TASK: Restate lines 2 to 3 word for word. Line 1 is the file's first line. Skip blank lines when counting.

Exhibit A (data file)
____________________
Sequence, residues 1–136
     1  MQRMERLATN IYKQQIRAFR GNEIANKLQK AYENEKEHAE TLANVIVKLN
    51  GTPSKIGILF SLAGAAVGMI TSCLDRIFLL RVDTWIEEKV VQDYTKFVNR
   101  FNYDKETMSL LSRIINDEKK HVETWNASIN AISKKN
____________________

     1  MQRMERLATN IYKQQIRAFR GNEIANKLQK AYENEKEHAE TLANVIVKLN
    51  GTPSKIGILF SLAGAAVGMI TSCLDRIFLL RVDTWIEEKV VQDYTKFVNR